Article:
A DAY BEFORE THE RACE DAY:

We did our practice run along Osakajo Park and saw the Osaka Castle. After running we headed straight to Dotonbori and ate at the world-famous Ichiran Ramen. We also had a chance to see beautiful and talented girls auditioning to become an idol right before heading to our respective hotels on sunset.

The Osaka Castle
Glicoman wishes us strong and injury finish
Gelato at Dotonbori

THE RACE DAY:

My friends and I arrived at Osaka Castle Park at 7:30 AM. I was pretty cold probably, at around 10 degrees Celsius and the sky was clear. We did warm-ups and took pictures whilst walking towards the starting line outside of the Osaka-jo Hall. It was reported that there were more or less than 30,000 runners from different countries joined the marathon.

Prepping my Osaka Marathon race gear

The gun started at 9:00 AM but we waited for 45 minutes before our wave’s turn. My body especially my legs started to shiver from the cold whilst being stuck at the starting line. I paid the price of not wearing full-length compression tights.

Ready to rumble!
Striking a pose before the race starts

At the first 10 kilometers, Gilbert and I started the race slow. But, I started to up the pace after an hour of running and I left Gilbert for me run a bit faster. I also took pictures of runners and race attractions from the opposite lane. What I have noticed was water and sports drink stations were placed strategically every three or four kilometers. Maybe because the race happened on a cooler season to prevent us from overhydrating.

Those faster runners…

The locals were showing full support by cheering and giving away all sorts of stuff from candies, green tea, chocolate, fun-sized takoyaki to Air Salonpas for free. That shows how warm the people of Osaka are. In return, many participants gave them high fives.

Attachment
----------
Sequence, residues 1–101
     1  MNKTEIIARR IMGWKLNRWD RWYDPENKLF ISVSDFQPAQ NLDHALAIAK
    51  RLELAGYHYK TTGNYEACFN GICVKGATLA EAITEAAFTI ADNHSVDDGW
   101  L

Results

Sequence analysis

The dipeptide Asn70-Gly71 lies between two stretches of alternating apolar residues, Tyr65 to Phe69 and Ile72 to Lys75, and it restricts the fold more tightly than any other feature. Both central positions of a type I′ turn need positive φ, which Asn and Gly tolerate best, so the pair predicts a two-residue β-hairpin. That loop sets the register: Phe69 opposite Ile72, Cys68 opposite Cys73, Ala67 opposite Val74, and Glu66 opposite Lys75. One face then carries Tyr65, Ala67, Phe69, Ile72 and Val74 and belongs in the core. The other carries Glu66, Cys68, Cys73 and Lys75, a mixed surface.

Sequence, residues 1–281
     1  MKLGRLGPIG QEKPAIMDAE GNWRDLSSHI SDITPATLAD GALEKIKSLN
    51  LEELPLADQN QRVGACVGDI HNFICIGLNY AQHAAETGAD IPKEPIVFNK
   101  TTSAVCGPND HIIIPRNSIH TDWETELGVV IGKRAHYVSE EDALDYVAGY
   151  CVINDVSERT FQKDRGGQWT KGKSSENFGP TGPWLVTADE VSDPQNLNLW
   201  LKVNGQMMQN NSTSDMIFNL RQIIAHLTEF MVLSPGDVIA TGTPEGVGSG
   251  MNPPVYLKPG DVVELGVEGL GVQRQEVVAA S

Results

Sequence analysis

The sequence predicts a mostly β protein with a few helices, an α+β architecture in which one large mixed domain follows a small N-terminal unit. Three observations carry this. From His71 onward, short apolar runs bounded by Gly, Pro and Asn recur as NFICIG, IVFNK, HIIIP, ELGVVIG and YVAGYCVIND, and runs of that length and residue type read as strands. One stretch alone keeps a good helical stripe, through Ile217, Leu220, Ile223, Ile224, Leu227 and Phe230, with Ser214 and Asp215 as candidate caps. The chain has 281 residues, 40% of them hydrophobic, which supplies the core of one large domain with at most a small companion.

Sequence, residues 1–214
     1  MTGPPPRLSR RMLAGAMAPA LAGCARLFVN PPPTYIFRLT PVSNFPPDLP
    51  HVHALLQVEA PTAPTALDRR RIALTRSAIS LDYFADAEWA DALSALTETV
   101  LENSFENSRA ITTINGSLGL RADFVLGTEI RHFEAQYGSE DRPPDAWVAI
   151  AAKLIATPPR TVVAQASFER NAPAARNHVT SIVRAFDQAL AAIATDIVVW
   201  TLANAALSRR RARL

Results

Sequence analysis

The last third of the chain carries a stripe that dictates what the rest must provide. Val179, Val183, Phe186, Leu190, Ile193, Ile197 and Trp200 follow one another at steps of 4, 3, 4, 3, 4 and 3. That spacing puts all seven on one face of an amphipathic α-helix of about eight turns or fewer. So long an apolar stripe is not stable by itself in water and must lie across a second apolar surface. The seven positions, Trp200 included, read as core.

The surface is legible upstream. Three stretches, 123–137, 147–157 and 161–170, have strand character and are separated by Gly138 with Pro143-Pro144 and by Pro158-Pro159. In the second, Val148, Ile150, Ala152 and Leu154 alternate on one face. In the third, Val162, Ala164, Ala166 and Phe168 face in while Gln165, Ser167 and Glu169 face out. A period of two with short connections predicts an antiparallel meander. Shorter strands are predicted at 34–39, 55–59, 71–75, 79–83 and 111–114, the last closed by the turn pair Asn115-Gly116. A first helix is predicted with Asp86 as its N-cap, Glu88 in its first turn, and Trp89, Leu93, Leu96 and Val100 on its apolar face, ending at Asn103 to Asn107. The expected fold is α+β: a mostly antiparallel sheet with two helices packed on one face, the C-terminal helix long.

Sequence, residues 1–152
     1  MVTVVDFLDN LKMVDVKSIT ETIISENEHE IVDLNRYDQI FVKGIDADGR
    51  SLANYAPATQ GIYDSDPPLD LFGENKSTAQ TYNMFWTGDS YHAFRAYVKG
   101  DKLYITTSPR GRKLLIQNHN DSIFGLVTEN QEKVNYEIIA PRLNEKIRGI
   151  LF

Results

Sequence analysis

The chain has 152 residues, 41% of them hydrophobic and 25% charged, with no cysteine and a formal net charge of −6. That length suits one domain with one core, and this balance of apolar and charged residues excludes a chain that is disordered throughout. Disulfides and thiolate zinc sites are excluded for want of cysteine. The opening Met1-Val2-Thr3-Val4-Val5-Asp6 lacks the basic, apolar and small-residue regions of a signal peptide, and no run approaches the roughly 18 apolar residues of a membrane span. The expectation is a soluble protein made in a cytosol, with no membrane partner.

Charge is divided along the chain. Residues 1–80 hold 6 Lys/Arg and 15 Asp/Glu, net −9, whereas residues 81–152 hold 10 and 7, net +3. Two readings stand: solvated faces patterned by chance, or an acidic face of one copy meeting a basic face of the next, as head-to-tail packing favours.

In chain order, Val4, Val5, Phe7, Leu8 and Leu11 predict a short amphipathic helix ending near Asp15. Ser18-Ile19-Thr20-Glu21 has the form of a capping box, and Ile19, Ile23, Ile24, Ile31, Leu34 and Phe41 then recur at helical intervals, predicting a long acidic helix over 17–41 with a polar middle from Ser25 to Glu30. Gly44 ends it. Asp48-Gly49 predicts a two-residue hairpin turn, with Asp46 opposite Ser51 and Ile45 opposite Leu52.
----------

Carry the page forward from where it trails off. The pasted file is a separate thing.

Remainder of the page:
Children’s choir outside of the Osaka City Hall

Somewhere along the 16th kilometer, I bumped into a friend Vincent, whom I have met at a rock concert in Hong Kong in May of 2015. We were catching up for several minutes while running before I left him at kilometer 19.

with Vincent Lee from Hong Kong

Suddenly, I felt dizzy and experience bad cramps on my thighs along the 24th kilometer. I was about to hit the dreaded wall TOO EARLY. I was heavily focused on exceeding my goal of 5 hours and 15 minutes that almost took a toll on me. I had no choice but to stop at the nearest medical station to get some treatment. Medics gave me a can of oxygen and thigh massage to recover. That thigh massage was pretty stiff! I hurt like hell, believe me! Yet, it helped me to recover. I started taking Salt Stick capsules given to me by Gilbert to increase my body salts. Recovery is a bit struggle for me since this was my first time to run in the cold. It would have been prevented if I wore full-length tights.